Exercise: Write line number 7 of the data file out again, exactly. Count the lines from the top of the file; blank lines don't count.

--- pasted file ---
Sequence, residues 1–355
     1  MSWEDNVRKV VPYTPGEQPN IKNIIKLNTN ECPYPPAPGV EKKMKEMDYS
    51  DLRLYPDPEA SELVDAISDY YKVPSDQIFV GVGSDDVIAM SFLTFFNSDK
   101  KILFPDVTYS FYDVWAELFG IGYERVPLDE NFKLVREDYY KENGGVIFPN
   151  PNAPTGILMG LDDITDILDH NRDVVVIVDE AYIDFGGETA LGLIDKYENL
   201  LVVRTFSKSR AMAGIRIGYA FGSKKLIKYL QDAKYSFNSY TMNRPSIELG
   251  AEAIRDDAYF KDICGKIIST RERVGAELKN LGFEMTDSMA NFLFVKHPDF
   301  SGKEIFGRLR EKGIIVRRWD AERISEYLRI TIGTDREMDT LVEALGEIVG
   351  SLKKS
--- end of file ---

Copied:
   251  AEAIRDDAYF KDICGKIIST RERVGAELKN LGFEMTDSMA NFLFVKHPDF